Friday, December 23, 2016

"And You Collect Butterflies?"

J. ALLAN DUNN, born in England, was an incredibly prolific fictioneer who churned out reams of American pulp—adventure fiction, Westerns, and detective fiction (but almost no SF), "well over a thousand stories" according to Wikipedia—from before the United States's entanglement in the First World War to just before its involvement in the Second; his Fiction-Mags listing, more than half of them Westerns, runs to seven pages!

Like James Bond vs. Blofeld but continuing a lot longer, Dunn had one hero vs. archvillain series of at least thirty installments going with The Griffin in Detective Fiction Weekly (DFW):
Adventure writer J. Allan Dunn gave us dozens of stories starring The Griffin in DFW. The Griffin was the king of extortionists using a simple threat: Pay me $50,000.00 or you will die on this date and time. The wealthy didn’t get that way by giving their money away. Instead, they hired bodyguards or put their faith in police protection, including being placed in a solitary jail cell. No matter, they all died at the Griffin’s predicted time.
The Griffin had enslaved dozens of people, having learned of their most terrible secrets and blackmailed them into virtual drones. The uneducated ones became assassins who were frequently killed themselves after the murders. Meanwhile his scientists were forced to develop slow-acting but precisely timed poisons. Gordon Manning, who had sworn to get The Griffin, was thrifty, brave, clean, reverent, obedient, cheerful. You get the idea. Time after time, he failed to stop the murders or get the Griffin. Finally, the readers had had enough . . . — Terry Sanford, Mystery*File (HERE)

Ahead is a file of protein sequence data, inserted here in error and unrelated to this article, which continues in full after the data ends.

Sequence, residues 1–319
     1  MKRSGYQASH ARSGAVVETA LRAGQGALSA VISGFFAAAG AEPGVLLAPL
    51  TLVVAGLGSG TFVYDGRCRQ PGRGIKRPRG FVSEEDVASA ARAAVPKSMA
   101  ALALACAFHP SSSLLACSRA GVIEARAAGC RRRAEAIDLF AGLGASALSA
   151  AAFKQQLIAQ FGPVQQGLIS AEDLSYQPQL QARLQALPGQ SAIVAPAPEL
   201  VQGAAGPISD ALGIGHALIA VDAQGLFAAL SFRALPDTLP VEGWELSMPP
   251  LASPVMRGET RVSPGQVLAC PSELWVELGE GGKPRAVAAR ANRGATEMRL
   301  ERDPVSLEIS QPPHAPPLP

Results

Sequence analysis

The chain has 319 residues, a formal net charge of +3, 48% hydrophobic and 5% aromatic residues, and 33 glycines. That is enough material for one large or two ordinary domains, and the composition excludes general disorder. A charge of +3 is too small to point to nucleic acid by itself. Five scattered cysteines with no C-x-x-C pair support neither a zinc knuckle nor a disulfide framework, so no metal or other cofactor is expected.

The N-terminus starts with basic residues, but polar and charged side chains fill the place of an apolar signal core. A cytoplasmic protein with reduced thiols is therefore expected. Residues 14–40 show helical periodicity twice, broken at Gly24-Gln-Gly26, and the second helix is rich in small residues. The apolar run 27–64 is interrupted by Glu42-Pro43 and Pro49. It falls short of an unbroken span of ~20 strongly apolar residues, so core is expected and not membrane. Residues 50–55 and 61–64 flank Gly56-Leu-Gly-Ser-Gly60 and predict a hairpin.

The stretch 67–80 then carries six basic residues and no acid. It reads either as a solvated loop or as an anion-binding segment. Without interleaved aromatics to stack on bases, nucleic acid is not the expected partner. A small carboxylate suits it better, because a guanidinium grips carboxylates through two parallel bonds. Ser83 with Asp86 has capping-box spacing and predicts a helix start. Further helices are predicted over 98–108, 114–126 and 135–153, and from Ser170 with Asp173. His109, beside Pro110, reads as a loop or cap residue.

We couldn't find a Griffin story on the 'Net, but we do have "The Ferret and the Bet," which dates from early in his writing career, and "The Flying Skull," coming towards the end.

"The Ferret and the Bet."
By J. Allan Dunn (1872-1941).
First appearance: Adventure, August 18, 1918.
Short short story (9 pages).
Online at Comic Book Plus (HERE) (select page 28).
A burglar widely known as the Ferret is being released from prison after a five-year stretch; Henderson, the detective responsible for sending the Ferret up, makes a wager with the prison warden: "Once a crook, always a crook! I'll bet you a month's pay he'll be back inside of six months, or, if he isn't, we'll be looking for him." The warden takes the bet, adding: "You know only the seamy side of human nature. There's a right and a wrong side to every man, but you never turn over the goods to have a look at the pattern that was intended to be shown. A crook may be always a crook, but all convicts are not crooks, Henderson."

But earning a living on the outside is another proposition entirely, and getting the money the Ferret needs to start a business looks impossible; so an invitation from his old criminal pals to pull another job proves irresistible. He's just about to do it when he happens to overhear a voice, a voice that ironically leads him away from one crime worth hundreds to another one worth thousands. It's beginning to look as if Henderson just might win that bet after all . . .
~ ~ ~
"The Flying Skull."
By J. Allan Dunn (1872-1941).
First appearance: Popular Detective, September 1935.
Short short short story (4 pages).
Online at PulpGen (HERE).
"Greer, the Swindler, Didn't Know the Grim Hand That Fate Was Dealing Him!"
Cheating somebody is bad enough, but humiliating them is something else. A shady financier who likes to go beyond a simple swindle pushes one man too hard—and gets 
his just deserts. Come to think of it, if only he had indulged in fewer desserts and kept his mouth shut a little more often, then he wouldn't have died writhing on the floor in violent convulsions, a victim of his own arrogance—and another man's hobby.

- Both Wikipedia (HERE) and PulpFlakes (HERE) have more about J. Allan Dunn.
- Our last visit to the dentist (HERE) proved equally fatal.

The bottom line: "Be true to your teeth and they won't be false to you."
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